Tuesday, March 10, 2015

Killing Them Softly, Episode Three: Revenge of the Hierarchy

Did you all do your homework?  Perhaps you needed a shorter version.

Of course you didn't, and if you did it was because the topic interested you. In no way would watching one of these two videos or reading 21 pages about human needs better your income level or satisfaction with life when Frank Underwood was available at the click of a button or tap of a finger.  I don't blame you. Why then would I blame my students?

Let's run a quick set of scenarios to get this party started.

A well-adjusted adult, let's call him Arthur, wakes up in the morning to the sound of an aggressive alarm. He then spends twenty-some minutes preparing himself for a day at work. Due to traffic, he takes a piece of toast for the road or waits twenty-some more minutes in line for coffee and a stale pastry. Upon entering work, Arthur sits at his desk for seven to ten hours, moving papers from one side of the desk to the other. Sometimes he puts them into new folders, does a math problem with a ten-key on his computer, makes some copies, and organizes his paperclips. He also takes several brain breaks by checking his social media account, losing a game of Trivia Crack, or complaining about the amount of work he still has to finish. When the work day is over, Arthur feels drained. He and his working partner travel home to face the challenges of cooking, cleaning, taking care of the needs of their family, and organizing bits of paper needing signatures so that their money can transfer into the hands of others to ensure that he and his family are warm and fed. Now it is time for Arthur to do his homework.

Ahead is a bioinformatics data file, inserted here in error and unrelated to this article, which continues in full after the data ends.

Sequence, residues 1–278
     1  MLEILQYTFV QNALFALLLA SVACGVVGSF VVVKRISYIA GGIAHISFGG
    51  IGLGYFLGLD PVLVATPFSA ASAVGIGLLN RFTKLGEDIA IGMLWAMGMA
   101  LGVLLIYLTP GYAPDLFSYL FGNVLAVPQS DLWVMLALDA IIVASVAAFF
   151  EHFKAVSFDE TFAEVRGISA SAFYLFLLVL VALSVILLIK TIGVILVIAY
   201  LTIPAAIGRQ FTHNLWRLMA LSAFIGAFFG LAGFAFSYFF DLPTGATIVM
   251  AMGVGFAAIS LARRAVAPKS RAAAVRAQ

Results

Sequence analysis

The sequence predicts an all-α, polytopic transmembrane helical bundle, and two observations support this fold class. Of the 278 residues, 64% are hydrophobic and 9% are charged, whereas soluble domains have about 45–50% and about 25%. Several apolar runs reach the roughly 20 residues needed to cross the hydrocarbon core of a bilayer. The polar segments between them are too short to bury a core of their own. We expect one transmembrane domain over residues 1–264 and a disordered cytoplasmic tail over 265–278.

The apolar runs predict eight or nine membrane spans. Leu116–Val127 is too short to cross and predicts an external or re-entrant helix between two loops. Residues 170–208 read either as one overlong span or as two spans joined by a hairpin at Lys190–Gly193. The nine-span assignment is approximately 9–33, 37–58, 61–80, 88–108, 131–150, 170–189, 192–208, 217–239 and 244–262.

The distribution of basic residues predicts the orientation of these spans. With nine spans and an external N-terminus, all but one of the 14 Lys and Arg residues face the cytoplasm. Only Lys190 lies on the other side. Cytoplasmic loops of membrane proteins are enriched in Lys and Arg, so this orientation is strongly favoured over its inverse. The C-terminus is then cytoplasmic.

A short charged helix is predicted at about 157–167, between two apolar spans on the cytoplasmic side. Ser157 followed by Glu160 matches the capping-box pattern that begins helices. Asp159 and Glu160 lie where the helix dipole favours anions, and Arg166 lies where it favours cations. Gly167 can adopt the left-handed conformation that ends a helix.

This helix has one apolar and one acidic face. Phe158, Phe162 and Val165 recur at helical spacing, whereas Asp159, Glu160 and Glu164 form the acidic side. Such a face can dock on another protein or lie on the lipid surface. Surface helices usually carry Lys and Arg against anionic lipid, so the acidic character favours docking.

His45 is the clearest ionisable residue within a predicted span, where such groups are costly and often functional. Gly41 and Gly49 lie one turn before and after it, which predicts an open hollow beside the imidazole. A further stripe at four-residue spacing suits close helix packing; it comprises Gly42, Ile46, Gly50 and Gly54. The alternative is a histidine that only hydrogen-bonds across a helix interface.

Depending on Arthur's financial status, this reality splits into two.

If Arthur makes enough money that his family is fed, his house is comfortable, and he is ultimately happy with his place in life and society, Arthur's homework may be learning to play guitar, or to paint. Maybe he will tinker with a Raspberry Pi with his children in the garage. Arthur's homework will be based on either gaining new information he is excited about, or creating beauty with his own hands. Maybe Arthur hikes or gardens, because he loves the outdoors. Perhaps he coaches a children's basketball league with a group of friends for the camaraderie, exercise, and a sense of community. None of this homework will better his life financially, nor will it make him safer or more valuable to his employer. His basic needs have been met. If we told this Arthur that he had to complete a course of really boring material that holds no interest for him and offers no benefit to his near future, he would look at his life, look at us like we were crazy, and go back to his guitar.

Now, let's say Arthur's financial situation is less than he would like. Arthur is taking online courses to get more education and a large piece of paper that states he is more valuable and should therefor be paid more for the work he accomplishes. His basic needs are not met. As he pours over screens of data and videos of slide shows with a voice reading the same words on the screen, he ignores his own social needs. As he takes online quizzes in one window while finding the answers using a google search in a accompanying tab, he blatantly disregards his higher order needs of morality for the quick pencil-whip to benefit his more basic needs. He crunches through hours of work each night in the hopes that it will better his situation financially in order to provide safety and stability for him and his family. He barely internalizes any of the information he encounters; he doesn't grow. The screens in front of him are no more than the papers he moves from one side of his desk to the other. The stress of knowing that people are depending on him causes his diet to fall apart. The acidity in his stomach leads to ulcers which he ignores due to the cost of going to a doctor. Hell, does anyone know how much these classes are costing him?